Mrs Langton designed the Daisy Maid Knight, which was 50 things to do before you turn 11 and three quarters.

“I started a little bit early because I had three knights to design. It took me around 90 to 100 hours to finish each sculpture. I painted mine in public as well,” she continued.

“I’d be working on Daisy Maid and I’d look round and have loads of little eyes watching me with their ice creams. It was really good fun to do. There was one I painted in the Waterside shopping centre too.”

“It’s just great because people get to really see how I work and what I put into it, and people come up and ask how you are and what paint I’m using and having a chat.”

The auction was held at Lincoln Cathedral this weekend and Mrs Langton said it was a really strange atmosphere.

“I didn’t know how it would be at the cathedral because it is so big. I was a bit worried that there wouldn’t be many people there because it is such a space to fill. But we were queuing to get in, there were loads of people,” she said.

The trail was launched as a celebration of the 800th anniversary of the Battle of Lincoln and the sealing of the Charter of the Forest. More than 70,000 people took part when the event ran from May 20 to September 3.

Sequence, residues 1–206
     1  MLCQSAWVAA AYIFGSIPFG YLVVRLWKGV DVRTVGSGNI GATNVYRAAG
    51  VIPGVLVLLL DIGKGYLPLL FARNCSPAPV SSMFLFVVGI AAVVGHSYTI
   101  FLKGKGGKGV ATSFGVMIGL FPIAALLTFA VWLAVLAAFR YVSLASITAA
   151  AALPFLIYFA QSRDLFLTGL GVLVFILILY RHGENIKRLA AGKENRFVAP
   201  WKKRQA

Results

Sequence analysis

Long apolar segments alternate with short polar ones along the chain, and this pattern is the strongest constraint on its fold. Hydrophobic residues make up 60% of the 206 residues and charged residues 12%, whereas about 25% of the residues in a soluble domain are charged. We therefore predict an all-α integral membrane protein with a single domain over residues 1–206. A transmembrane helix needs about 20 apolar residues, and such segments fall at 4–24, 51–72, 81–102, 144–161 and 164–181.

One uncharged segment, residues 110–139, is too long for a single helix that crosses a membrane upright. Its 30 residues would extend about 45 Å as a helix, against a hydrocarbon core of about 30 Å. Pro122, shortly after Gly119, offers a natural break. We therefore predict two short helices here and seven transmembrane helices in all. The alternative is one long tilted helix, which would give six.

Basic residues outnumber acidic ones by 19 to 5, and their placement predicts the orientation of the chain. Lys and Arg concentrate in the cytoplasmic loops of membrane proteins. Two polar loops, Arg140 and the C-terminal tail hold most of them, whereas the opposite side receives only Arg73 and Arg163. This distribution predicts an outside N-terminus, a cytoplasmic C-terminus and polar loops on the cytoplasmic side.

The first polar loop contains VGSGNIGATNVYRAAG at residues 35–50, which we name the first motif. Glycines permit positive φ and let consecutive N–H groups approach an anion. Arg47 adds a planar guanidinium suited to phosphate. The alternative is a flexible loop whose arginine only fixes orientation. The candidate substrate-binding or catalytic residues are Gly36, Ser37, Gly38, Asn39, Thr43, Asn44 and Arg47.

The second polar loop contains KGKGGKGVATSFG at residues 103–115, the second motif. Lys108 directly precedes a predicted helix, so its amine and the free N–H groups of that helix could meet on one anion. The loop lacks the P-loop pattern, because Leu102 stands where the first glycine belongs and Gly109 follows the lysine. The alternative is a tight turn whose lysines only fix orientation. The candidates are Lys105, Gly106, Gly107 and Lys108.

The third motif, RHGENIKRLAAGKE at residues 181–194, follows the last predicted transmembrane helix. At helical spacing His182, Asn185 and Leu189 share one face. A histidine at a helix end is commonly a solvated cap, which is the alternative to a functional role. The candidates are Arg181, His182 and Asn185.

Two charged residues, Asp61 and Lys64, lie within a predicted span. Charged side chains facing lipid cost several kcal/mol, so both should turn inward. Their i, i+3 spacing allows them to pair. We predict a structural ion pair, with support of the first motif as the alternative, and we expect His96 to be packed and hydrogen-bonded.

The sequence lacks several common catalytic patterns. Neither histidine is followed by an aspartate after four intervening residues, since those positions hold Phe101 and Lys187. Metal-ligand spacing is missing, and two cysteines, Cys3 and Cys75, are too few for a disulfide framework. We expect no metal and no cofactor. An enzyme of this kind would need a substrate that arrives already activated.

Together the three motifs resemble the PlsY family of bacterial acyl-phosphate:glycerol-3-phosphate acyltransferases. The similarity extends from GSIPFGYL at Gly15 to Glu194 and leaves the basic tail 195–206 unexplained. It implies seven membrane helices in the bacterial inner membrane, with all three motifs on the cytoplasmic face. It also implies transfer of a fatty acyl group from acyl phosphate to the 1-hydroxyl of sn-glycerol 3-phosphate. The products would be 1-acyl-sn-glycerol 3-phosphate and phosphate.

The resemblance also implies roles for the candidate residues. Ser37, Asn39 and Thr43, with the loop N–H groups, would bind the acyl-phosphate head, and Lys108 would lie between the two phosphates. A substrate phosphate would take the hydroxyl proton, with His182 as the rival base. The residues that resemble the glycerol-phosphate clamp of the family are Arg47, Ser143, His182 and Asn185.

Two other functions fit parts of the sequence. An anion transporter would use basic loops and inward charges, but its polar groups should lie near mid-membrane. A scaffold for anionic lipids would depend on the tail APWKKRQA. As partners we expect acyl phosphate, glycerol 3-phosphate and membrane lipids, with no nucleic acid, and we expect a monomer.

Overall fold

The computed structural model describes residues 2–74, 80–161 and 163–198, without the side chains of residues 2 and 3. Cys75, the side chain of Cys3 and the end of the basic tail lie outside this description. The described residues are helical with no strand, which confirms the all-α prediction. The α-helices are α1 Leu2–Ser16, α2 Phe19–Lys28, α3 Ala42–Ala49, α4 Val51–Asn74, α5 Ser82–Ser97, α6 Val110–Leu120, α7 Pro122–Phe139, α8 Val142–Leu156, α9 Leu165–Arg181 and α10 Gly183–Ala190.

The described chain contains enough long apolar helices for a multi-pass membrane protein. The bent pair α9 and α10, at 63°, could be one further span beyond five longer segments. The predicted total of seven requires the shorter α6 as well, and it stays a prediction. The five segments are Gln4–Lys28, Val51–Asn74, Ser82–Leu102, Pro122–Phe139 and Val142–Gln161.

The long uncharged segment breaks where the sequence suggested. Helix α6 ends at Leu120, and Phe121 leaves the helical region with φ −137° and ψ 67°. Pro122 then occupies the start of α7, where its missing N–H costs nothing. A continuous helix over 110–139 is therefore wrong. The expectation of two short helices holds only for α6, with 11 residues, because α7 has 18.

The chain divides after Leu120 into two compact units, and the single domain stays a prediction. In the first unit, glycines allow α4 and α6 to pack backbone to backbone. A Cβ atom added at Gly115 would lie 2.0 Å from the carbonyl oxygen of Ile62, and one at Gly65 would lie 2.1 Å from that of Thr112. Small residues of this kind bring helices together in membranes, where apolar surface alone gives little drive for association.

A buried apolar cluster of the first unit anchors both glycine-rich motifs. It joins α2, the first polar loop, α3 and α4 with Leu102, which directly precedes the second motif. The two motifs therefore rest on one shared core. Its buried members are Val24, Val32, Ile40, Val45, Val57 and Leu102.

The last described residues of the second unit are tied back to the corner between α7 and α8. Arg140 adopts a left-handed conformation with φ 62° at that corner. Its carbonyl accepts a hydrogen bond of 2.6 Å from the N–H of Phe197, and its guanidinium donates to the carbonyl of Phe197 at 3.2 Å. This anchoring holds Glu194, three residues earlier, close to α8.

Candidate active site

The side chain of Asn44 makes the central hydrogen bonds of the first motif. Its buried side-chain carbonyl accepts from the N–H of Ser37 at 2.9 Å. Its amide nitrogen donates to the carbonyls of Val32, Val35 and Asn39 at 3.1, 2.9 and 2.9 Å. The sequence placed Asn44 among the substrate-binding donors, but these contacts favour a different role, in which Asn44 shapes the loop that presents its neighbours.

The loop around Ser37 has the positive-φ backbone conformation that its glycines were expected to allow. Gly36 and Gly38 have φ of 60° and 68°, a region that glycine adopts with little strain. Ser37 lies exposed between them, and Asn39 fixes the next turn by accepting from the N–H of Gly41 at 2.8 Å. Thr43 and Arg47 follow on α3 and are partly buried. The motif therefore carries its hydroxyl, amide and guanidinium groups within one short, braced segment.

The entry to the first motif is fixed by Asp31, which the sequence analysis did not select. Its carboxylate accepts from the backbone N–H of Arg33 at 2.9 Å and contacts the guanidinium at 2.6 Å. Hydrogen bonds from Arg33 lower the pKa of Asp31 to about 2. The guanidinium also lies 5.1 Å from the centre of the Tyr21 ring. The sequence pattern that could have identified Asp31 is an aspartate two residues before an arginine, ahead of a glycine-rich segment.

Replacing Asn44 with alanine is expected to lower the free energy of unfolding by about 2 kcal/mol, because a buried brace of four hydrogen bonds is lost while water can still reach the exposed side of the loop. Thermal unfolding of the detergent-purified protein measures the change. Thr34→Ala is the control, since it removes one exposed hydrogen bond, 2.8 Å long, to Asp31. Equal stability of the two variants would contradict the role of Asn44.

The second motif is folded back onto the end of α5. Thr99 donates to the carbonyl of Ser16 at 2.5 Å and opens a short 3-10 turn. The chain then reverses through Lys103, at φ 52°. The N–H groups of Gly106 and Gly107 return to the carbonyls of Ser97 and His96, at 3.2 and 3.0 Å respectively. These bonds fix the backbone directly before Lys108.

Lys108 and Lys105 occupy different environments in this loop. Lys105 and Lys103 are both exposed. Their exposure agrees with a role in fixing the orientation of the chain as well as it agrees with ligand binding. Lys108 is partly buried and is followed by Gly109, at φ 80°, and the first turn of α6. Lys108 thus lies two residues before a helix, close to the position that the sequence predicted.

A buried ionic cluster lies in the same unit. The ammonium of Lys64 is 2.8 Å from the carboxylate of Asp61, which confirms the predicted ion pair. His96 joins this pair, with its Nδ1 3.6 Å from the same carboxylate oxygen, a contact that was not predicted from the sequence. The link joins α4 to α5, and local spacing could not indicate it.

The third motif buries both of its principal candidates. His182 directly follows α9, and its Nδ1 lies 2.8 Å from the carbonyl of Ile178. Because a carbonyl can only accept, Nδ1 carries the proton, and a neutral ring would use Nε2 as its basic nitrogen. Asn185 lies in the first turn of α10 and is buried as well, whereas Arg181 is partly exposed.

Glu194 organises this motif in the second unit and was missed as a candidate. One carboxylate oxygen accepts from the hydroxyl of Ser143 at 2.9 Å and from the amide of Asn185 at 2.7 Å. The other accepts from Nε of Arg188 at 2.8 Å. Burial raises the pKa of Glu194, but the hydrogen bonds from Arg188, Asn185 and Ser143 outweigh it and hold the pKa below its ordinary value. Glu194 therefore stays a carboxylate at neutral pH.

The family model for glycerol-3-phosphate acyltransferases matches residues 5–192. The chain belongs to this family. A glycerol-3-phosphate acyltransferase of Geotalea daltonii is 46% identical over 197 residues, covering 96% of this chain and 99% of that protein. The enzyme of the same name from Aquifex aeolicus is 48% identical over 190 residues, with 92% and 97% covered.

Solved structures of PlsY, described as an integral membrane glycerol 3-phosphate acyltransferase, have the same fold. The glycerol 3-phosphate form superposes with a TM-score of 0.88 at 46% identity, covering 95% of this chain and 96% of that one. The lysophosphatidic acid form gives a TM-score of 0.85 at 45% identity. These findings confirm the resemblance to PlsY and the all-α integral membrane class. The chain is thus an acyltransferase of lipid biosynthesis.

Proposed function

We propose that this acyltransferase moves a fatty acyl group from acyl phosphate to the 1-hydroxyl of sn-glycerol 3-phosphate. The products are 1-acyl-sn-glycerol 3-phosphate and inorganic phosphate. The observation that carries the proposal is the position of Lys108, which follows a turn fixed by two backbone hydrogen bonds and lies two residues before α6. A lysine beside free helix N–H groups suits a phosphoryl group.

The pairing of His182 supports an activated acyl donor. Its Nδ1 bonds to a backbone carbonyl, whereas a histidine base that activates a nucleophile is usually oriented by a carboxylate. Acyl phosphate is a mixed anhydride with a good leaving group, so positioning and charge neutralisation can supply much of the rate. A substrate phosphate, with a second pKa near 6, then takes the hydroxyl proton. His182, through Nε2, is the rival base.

“It’s lovely to be able to work on something that raises so much money for a really good cause. It’s nice to think that something I’ve painted and worked on has gone on to raise so much money it’s bizarre,” Mrs Langton said.

More of Mrs Langton’s work can be found on her website: http://www.mellangton.com

Lincoln to celebrate 75 years of Oxfam

Oxfam in Lincoln are hosting a special event this week to commemorate its 75th Birthday. This Thursday, 5th October, Oxfam Lincoln have invited people to attend a giant display of support for the charities achievements.

The plan is to create a giant Oxfam Logo in Cornhill Square in the centre of Lincoln with people wearing green, standing together. The display of gratitude and support will begin at 11am and last for one hour before the Lincoln town crier will announce their birthday at noon.

Held at Liquor in Lincoln, located above Trebles on Saltergate, the OxJam event was a music festival that aims to get local musicians involved with the charity.

Lauren Wood, the Cygnet PR Oxfam Project Lead, is looking forward to the event. She said: “The aim is to show people that we are coming together in Lincoln. Everyone has to wear green and at 10:30 we are having some OxJam performances followed by the big publicity stunt of the giant Oxfam logo. There will also be some quizzes and other activities along the way, and of course tea and cake.”

In the build up to the anniversary event, Oxfam Lincoln, along with Oxfam organisations around the UK hosted music events last week.

Miss Wood went on to say: “It was great. It gave local musicians a chance to perform and any money spent went towards raising money for Oxfam. Also, following the success of that and hopefully the event on Thursday, we have other OxJam events coming up in November and at the beginning of next year.”